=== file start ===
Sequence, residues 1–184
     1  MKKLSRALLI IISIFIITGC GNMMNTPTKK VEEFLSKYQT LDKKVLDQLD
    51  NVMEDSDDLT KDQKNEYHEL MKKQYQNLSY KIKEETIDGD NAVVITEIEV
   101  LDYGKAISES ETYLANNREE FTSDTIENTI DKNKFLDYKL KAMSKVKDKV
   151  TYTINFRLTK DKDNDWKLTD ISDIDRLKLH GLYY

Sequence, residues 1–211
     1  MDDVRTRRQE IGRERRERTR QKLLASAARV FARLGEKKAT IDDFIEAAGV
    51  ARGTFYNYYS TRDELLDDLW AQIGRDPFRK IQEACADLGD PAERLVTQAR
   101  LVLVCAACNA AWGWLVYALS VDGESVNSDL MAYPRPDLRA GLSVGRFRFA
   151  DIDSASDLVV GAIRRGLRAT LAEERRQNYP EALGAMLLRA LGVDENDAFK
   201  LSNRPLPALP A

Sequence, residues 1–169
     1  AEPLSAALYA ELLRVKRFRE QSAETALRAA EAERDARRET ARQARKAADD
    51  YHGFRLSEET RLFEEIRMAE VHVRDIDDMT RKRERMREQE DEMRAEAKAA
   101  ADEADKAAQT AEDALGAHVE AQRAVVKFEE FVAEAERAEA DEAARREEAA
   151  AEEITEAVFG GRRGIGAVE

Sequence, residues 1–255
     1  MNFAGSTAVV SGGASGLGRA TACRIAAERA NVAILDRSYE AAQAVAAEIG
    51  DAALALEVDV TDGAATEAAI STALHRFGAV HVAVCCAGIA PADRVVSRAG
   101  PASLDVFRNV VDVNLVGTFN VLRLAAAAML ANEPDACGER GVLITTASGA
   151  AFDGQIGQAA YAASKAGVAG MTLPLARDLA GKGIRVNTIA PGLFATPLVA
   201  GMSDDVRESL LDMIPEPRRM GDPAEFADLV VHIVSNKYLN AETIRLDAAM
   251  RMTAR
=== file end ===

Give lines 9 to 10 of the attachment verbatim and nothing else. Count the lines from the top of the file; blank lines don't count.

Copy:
   101  LVLVCAACNA AWGWLVYALS VDGESVNSDL MAYPRPDLRA GLSVGRFRFA
   151  DIDSASDLVV GAIRRGLRAT LAEERRQNYP EALGAMLLRA LGVDENDAFK